The uncooperative approach of some officials has driven ministers to take unconventional measures to circumvent them. One said he had asked for a briefing on a policy only to receive a single side of A4 paper. He was so desperate for information that he discreetly contacted a pressure group, which handed him a full dossier. It later emerged the group’s data had also been sent to his officials. Another minister has started showing his civil servants’ reports to private sector experts because he is worried he is being selectively briefed.  He said: "Do I take my civil servants’ briefings at face value? No. Then I go outside to someone in the sector and say, 'Is this kosher?' and they say, 'Absolutely not'".One must presume these unnamed ministers are LibDems who never though they would get a sniff of office, as surely every Conservative MP knows only too well that the civil service has its own self-serving tax and spend agenda and will work unceasingly to undermine a government committed to retrenchment.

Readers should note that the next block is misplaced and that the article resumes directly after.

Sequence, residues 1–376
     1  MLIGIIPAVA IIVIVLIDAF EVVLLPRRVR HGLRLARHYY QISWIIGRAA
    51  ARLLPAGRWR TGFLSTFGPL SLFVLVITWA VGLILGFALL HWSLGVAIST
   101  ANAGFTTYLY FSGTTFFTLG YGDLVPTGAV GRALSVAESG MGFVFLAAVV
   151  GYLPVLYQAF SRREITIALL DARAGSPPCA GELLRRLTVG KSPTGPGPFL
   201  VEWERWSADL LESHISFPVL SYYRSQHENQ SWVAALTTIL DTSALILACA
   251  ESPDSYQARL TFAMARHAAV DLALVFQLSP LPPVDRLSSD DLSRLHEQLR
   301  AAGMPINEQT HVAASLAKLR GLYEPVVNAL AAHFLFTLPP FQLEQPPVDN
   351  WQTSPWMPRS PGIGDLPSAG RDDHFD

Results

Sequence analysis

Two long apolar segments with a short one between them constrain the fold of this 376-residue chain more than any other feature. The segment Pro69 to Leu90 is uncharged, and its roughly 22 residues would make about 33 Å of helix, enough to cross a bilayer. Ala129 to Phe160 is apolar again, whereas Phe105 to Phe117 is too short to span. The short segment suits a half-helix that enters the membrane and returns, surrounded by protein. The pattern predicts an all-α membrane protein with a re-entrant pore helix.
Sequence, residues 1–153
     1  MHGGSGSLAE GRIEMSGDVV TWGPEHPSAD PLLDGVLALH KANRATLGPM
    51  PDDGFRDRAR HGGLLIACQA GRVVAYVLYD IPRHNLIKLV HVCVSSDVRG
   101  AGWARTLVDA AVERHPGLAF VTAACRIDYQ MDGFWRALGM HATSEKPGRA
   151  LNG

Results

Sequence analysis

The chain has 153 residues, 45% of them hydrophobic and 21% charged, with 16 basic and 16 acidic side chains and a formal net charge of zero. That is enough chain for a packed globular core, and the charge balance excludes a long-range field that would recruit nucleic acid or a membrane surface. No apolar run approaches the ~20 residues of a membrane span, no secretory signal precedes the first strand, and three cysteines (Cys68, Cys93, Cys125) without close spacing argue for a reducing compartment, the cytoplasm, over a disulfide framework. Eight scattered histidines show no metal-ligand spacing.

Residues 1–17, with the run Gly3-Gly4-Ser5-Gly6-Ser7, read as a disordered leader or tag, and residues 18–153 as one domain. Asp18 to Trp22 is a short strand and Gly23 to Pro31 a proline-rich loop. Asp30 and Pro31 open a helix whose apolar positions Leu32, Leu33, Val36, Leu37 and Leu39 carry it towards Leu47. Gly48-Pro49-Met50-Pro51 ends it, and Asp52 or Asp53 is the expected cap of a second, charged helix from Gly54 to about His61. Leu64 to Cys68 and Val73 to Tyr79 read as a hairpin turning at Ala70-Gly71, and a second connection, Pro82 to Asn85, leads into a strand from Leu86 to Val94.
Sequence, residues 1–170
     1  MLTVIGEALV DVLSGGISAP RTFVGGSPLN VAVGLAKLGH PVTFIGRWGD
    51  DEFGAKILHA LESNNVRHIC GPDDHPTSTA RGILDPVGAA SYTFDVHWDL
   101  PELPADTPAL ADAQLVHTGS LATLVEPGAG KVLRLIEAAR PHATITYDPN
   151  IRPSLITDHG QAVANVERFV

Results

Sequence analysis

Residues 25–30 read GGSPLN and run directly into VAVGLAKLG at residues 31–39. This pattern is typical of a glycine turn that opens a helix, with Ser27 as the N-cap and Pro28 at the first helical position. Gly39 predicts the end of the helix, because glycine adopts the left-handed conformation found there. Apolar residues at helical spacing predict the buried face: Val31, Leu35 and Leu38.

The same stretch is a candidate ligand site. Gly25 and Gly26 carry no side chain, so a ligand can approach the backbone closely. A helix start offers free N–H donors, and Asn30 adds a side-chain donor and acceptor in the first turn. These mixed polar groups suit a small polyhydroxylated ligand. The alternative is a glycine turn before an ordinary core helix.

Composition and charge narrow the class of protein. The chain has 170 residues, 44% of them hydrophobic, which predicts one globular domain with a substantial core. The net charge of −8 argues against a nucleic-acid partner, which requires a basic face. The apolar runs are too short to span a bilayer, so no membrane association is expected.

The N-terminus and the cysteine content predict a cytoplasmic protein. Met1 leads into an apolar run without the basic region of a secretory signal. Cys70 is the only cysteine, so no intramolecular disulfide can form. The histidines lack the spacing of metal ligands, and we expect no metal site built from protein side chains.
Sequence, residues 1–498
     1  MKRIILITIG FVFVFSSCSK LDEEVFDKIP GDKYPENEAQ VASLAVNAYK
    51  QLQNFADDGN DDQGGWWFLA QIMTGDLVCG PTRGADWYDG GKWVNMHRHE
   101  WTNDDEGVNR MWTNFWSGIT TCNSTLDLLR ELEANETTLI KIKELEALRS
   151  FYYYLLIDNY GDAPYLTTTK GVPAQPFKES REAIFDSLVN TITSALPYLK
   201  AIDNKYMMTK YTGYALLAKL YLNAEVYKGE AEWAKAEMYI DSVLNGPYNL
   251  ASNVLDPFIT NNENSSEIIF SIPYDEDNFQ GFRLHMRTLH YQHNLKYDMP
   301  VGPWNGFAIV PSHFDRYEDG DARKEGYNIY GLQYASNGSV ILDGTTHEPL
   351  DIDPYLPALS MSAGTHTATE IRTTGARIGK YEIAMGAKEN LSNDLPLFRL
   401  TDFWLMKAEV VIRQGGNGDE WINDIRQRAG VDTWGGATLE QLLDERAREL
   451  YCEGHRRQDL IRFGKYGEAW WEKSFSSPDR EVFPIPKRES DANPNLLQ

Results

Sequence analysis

But the quoted passage underlines another key point, which is that the apparatchiki have become as powerful as they are because what they ironically refer to as their "political masters" are lazy and unprepared.
- Churchill dominated his officials and one of the methods he used was to require them to reduce all briefings to one sheet of paper to cut out the ifs, buts and maybes.
- Any competent minister avoids seeking advice from his officials until he is as fully informed as possible about the alternatives from non-apparat sources.
- To depend on officials for information is indolent beyond the point of negligence.